Self-driving shuttles get first public test in Detroit
May Mobility is testing 2 autonomous passenger shuttles in downtown Detroit with an eye on the future of public transit and autonomous vehicle technology.
Detroit — Two self-driving electric shuttles ferried people on a cool October night to a downtown parking garage within blocks of the nation’s largest automaker’s world headquarters.
The shuttles developed by May Mobility were the first commercial autonomous shuttles to carry passengers in the city, and the Detroit Three had nothing to do with them. The former Ford Motor Co. and General Motors Co. employees working for the Ann Arbor-based start-up are slightly smug about that. Those two Michigan auto giants continue to develop autonomous vehicles behind locked gates, giving the public brief glimpses of future products expected to dramatically change transportation.
“The sooner we get people in the car, the faster we’re going to learn,” said Edwin Olson, CEO of May Mobility.
The tests also give one of the city’s biggest investors a chance to push public transportation at his own pace.
Olson partnered with Dan Gilbert’s Bedrock real estate to run May Mobility’s first self-driving tests with passengers on a city street. The vehicles — Polaris Gem E6 shuttles outfitted with May Mobility’s suite of sensors and software — are being tested from 8-10 p.m. for five nights ending Friday. They follow a loop just under a mile long in a part of Detroit’s central business district that doesn’t see a lot of traffic.
There were fewer cars to share the road with at night, and the vehicle’s lidar (light detection and ranging) sensors — which pulse beams of infrared light to detect distances much like bats use sonar — work better after dark. The team laid out a route that kept the vehicle to right turns, which are easier to execute.
Olson’s team also thought there would be fewer pedestrians to deal with at night. But on one trip, two jaywalkers stepped in front of the vehicle at a stop sign. The shuttle waited for both men to clear before proceeding through the intersection just like any other car. The engineer sitting in the driver’s seat only once pressed a button at the beginning of the route to start the trip. He never touched the steering wheel, the brake pedal or the accelerator.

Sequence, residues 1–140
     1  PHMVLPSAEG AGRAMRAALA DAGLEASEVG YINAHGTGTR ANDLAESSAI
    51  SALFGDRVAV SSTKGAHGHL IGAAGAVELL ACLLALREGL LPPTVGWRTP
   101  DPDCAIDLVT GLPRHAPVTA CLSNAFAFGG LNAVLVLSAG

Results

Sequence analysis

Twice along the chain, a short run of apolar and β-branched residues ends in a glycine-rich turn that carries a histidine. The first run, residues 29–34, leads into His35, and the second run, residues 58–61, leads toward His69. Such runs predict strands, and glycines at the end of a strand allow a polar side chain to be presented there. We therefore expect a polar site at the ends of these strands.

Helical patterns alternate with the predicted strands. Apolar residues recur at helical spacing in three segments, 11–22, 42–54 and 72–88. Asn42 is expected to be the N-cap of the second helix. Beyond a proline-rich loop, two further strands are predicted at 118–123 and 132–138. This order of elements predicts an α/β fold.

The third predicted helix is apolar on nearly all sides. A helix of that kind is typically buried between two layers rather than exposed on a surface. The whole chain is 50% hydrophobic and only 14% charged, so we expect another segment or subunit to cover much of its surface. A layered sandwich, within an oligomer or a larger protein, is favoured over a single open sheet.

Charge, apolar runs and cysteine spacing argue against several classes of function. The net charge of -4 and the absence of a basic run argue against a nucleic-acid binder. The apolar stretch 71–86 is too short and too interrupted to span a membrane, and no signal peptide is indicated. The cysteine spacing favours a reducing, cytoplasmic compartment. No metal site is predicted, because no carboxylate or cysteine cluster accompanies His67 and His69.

Jasmine Flemister, who works in the First National Building and parks in the Bricktown Garage at Beaubien and Congress, watched the city roll by through the panoramic sunroof as the shuttle sped quietly along.
“I actually didn’t feel I was unsafe,” she said. “I wasn’t wondering if the light changes is it gonna stop.”
The vehicles communicate with cameras fixed high on light poles that read traffic lights at intersections the shuttle needed to cross. The lidar system also uses a 3-D map of the route to judge distances from buildings. The shuttle stopped smoothly, accelerated gently — and when an oncoming car veered into its lane or a cab driver threw his door open, the vehicle slammed on the brakes.
“Actually getting from A to B is just the beginning,” said Steve Vozar, May Mobility’s chief technology officer, said from the back seat of the shuttle after someone crossed in front.
He and Olson have tested their machines in a number of scenarios — some of those at the MCity complex in Ann Arbor where Ford and other carmakers and suppliers test their technology. The May Mobility team said getting their vehicles on a real urban street is invaluable.
The team plans to manage fleets of their vehicles for other companies. Olson, Vozar and Alisyn Malek, chief operating officer, said the partnership with Bedrock will give them five nights worth of new data to sift through and hone their machines.
There’s another aspect to the tests for Gilbert’s team.
Kevin Bopp, Bedrock vice president of parking operations, said the shuttles give Bedrock a chance to figure out a better way to transport the thousands of people who park several blocks from their offices. It’s also a chance for the Motor City to have a tangible role in the development of technology expected to fundamentally change the way people move, and for Bedrock to lead a change in Detroit’s transportation.
It gets people excited, too.
“This is what I want,” said Scott Schommer, a Quicken Loans employee who rode the robotic shuttle on no less than four loops Tuesday night. “It’s safe. I don’t ever want my kids to learn how to drive.”
Gilbert’s companies could use autonomous shuttles for more than getting handfuls of tenants and employees to their cars at the end of the day. The Detroit real estate mogul has a hand in developing potential downtown tourism spots in the Shinola Hotel and future Hudson’s site development that are expected to open in the next several years.
People visiting the city might want to take guided tours, Bopp said. A May Mobility shuttle could self-drive small groups through downtown. The vehicles could also be deployed in under served neighborhoods in longer distance scenarios.
A partnership between Gilbert’s companies and May Mobility could be a game-changer.
“This gets the city at the cutting edge,” Bopp said. “What’s kept Detroit from being a world-class city has really been a lack of public transit.”